In his article published on Qualitymag.com, Mr. Ben Tomic describes the future of Quality inspections in the era of Industry 4.0. He sees the human role shifting from performing measurements to interpreting data and optimizing processes. Automated equipment will perform the actual inspections and convert data to insights, for the quality workers to interpret and use to optimize their products and processes. This fully aligns with our vision that the future of quality management will be smart and omnipresent.
Quality Control inspections will be automated wherever possible. Machines and production lines will be equipped with measurement tools. Eliminating users from the inspection process will take away a huge source of variation. This will most likely have an immediate positive effect on the stability of your measurement system. Tomic even brings up the idea that Measurement System Analysis might become completely irrelevant. That might sound a bit too bold for now, but just extrapolate the trend and you cannot conclude anything else.
Reducing or even eliminating the human factor will introduce a great opportunity to scale your testing. Imagine what a 100% inspection would do for your complaints. Or how much more accurate you could steer production with close to real-time quality metrics.
There is no doubt that data conversion and analysis will be computerized. Operators and quality engineers will be provided with deviation alerts, triggers, and aggregated data, rather than just the raw data that they process themselves today. The human role shifts from operational to tactical and strategic quality management. From inspection to interpretation. And from reacting to anticipating.
Quality data and insights will be accessible and available for your entire organization, not just for the team with direct physical access to the workstation in the lab or at the line. This will contribute to the awareness, involvement, and ownership individuals experience with quality.
We see this happening all the time. Many of our customers, across industries, start integrating their sensors and machines with our quality platform. This is a great example of both smart automation and omnipresence. We help them to transform their raw data into insights and triggers, available for each and everyone involved in real-time.
This trend will be only beneficial for all parties. More data will provide more context. Automated analysis will yield less variation and the job enrichment for the human factor will fulfill the personal ambition of most of the manufacturing team.
Tomic defines Quality 4.0 as a subset of Industry 4.0, integrating the key aspects of Industry 4.0 with traditional Quality tools and methodologies, to achieve better operational excellence, overall performance, and innovation. He also stresses it is not just technology or digitization. Quality 4.0 is the combination of people, processes, and technologies accomplishing these goals. This definition aligns with our Quality Intelligence maturity model. Our concept of Quality Intelligence revolves around two key attributes: omnipresence and smart automation.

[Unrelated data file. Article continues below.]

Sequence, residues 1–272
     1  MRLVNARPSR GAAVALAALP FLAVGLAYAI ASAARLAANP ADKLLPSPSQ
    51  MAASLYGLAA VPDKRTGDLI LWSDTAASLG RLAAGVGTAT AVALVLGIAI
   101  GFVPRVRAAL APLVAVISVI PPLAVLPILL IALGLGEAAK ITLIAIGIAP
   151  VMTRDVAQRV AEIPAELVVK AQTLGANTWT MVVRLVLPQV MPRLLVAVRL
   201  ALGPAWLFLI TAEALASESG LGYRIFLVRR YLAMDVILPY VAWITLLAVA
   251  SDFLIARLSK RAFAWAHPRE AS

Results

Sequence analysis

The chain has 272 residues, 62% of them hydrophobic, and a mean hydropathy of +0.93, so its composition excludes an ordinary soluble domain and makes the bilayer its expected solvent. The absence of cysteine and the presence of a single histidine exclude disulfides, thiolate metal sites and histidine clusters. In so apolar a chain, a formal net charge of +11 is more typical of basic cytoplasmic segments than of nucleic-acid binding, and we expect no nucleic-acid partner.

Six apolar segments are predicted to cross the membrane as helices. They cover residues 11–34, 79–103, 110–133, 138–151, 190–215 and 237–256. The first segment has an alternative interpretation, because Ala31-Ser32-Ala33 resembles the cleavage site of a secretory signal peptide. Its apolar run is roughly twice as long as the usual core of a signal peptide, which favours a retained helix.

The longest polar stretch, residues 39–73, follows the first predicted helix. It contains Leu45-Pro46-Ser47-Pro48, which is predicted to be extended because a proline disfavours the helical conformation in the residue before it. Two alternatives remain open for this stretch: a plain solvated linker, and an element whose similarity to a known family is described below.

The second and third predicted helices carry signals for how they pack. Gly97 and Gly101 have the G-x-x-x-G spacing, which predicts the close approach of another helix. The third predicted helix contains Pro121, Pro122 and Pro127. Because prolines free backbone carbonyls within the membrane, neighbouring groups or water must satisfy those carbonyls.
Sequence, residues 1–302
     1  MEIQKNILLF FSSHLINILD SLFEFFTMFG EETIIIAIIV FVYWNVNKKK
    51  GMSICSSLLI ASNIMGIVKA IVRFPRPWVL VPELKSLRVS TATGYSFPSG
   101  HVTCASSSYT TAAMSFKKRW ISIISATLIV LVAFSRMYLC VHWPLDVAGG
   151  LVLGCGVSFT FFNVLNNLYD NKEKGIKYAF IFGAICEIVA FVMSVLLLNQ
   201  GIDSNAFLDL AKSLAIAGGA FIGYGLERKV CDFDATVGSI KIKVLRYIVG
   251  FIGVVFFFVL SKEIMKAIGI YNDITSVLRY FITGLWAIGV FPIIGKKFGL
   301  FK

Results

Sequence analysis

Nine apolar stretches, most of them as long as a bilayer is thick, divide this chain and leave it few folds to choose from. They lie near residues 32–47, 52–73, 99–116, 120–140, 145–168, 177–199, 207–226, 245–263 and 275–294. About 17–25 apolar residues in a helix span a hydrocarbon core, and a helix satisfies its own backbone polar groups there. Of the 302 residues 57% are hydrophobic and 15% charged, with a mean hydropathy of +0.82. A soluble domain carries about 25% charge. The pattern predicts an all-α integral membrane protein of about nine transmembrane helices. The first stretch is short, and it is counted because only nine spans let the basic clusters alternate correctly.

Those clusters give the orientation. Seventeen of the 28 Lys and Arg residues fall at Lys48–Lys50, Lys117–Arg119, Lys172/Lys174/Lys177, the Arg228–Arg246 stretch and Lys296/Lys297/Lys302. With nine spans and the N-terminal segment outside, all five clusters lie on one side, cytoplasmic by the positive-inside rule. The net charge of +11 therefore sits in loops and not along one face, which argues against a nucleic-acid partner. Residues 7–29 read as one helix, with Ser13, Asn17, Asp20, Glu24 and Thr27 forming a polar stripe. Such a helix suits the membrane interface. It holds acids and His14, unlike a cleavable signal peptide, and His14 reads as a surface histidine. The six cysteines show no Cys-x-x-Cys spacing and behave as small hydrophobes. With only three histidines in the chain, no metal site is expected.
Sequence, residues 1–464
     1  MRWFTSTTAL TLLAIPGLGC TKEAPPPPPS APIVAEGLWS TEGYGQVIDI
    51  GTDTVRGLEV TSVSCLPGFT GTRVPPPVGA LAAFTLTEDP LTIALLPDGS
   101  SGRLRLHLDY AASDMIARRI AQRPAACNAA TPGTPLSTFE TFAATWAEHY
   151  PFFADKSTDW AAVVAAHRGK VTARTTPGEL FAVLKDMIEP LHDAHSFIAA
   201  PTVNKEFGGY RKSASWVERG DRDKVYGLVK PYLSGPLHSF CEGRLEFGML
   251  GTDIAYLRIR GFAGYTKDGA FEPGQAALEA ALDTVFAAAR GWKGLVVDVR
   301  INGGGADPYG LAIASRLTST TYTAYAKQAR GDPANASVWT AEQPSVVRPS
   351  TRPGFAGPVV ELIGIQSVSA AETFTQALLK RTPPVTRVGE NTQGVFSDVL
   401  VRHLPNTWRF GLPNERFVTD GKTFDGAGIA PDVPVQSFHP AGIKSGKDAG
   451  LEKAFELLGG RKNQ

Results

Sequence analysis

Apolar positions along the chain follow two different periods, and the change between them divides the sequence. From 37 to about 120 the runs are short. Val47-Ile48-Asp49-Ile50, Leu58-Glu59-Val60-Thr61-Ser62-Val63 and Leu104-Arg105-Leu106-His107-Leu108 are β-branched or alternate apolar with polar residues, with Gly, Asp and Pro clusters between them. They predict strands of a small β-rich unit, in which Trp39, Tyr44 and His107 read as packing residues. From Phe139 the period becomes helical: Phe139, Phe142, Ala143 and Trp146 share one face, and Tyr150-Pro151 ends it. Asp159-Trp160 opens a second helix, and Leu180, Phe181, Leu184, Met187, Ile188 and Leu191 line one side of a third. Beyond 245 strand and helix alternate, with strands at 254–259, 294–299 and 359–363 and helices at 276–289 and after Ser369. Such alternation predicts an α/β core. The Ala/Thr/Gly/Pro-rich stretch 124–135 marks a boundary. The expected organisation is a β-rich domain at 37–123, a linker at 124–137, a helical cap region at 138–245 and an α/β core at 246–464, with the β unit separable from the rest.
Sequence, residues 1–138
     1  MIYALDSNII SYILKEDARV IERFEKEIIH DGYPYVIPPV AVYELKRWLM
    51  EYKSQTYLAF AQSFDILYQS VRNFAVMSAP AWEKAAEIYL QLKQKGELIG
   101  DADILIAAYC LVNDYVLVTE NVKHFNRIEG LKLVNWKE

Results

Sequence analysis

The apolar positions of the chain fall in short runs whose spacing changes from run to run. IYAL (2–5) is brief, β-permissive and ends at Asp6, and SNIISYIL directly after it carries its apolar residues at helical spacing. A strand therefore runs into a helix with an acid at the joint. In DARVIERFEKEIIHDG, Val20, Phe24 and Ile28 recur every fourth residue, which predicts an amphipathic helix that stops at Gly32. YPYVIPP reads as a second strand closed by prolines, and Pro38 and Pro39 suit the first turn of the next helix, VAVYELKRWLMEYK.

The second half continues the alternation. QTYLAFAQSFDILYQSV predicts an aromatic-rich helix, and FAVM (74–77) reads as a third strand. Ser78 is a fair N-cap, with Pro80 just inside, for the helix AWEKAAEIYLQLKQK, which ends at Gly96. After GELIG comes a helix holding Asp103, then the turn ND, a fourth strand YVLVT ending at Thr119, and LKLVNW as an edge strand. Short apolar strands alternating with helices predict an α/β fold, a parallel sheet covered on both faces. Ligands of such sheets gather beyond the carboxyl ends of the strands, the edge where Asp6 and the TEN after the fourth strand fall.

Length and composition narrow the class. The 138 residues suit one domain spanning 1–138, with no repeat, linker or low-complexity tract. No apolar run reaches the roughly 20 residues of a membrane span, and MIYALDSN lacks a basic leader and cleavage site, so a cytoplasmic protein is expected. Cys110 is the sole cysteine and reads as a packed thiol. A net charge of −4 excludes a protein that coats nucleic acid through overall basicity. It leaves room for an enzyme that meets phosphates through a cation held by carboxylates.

Quality is not created at the quality department. Quality results from each step in the process chain. Thus your quality management should be visible and present in each and every step of your process (and your supply chain!). Only with awareness, involvement, and ownership of quality throughout the organization will you be able to deliver true quality products or services. The weakest link in your chain determines your quality.
The transition from ad-hoc and responsive quality management towards smart and anticipative quality management will prevent waste and deviations while saving time. Quality operators or engineers will be informed of sliding processes before the process deviates. This helps them to anticipate and prevent, rather than to react and correct. These efforts will drive first time right.
We visualize this concept of Quality Intelligence with this model.
So how do these two terms, Quality 4.0 and Quality Intelligence, relate?
Whatever Quality 4.0 means for your factory, it will not be the last step in your continuous improvement. How long before the blogosphere picks up the idea of Quality 5.0? If the developments of the last 10 or 20 years are anything to go by: a lot sooner than we think is possible.
It is more helpful to think of Quality 4.0 as part of a continuum of change in quality management. You want your factory to have state-of-the-art Quality Management processes, and to be best-placed to take advantage of future technological developments, whatever they may be. Actually, that is all Quality 4.0 can ever be in the present.
To get away from the over-simplification (and over-complication) of Quality 4.0, we prefer to talk about Quality Intelligence. This term is not unique to us, but we do add a dose of Dutch practicality, common sense, and directness to it.
In this era of smart manufacturing, quality will become smart as well. This transition will not happen overnight and this will not happen in a linear way, but we know that integration and automation play a key role. This white paper presents a springboard to change and asks organizations to self-assess to what extent they are ready for Quality Intelligence and to leverage tomorrow’s possibilities.